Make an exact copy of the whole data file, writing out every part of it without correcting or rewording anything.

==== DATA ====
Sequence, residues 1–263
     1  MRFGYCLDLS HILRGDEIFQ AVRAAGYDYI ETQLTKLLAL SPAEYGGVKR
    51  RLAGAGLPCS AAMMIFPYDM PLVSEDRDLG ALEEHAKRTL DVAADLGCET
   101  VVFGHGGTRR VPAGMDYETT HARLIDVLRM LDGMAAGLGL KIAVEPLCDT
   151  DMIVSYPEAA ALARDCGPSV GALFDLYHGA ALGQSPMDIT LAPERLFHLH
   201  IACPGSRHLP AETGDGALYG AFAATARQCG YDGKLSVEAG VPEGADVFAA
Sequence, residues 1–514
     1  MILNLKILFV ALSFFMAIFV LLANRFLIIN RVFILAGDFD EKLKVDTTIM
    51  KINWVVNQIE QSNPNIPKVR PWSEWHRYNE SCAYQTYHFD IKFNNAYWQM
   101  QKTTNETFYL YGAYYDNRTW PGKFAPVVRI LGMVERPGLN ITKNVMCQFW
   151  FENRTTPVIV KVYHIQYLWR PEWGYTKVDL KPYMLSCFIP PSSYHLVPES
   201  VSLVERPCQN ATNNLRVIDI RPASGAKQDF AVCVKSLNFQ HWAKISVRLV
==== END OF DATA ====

Sequence, residues 1–263
     1  MRFGYCLDLS HILRGDEIFQ AVRAAGYDYI ETQLTKLLAL SPAEYGGVKR
    51  RLAGAGLPCS AAMMIFPYDM PLVSEDRDLG ALEEHAKRTL DVAADLGCET
   101  VVFGHGGTRR VPAGMDYETT HARLIDVLRM LDGMAAGLGL KIAVEPLCDT
   151  DMIVSYPEAA ALARDCGPSV GALFDLYHGA ALGQSPMDIT LAPERLFHLH
   201  IACPGSRHLP AETGDGALYG AFAATARQCG YDGKLSVEAG VPEGADVFAA
Sequence, residues 1–514
     1  MILNLKILFV ALSFFMAIFV LLANRFLIIN RVFILAGDFD EKLKVDTTIM
    51  KINWVVNQIE QSNPNIPKVR PWSEWHRYNE SCAYQTYHFD IKFNNAYWQM
   101  QKTTNETFYL YGAYYDNRTW PGKFAPVVRI LGMVERPGLN ITKNVMCQFW
   151  FENRTTPVIV KVYHIQYLWR PEWGYTKVDL KPYMLSCFIP PSSYHLVPES
   201  VSLVERPCQN ATNNLRVIDI RPASGAKQDF AVCVKSLNFQ HWAKISVRLV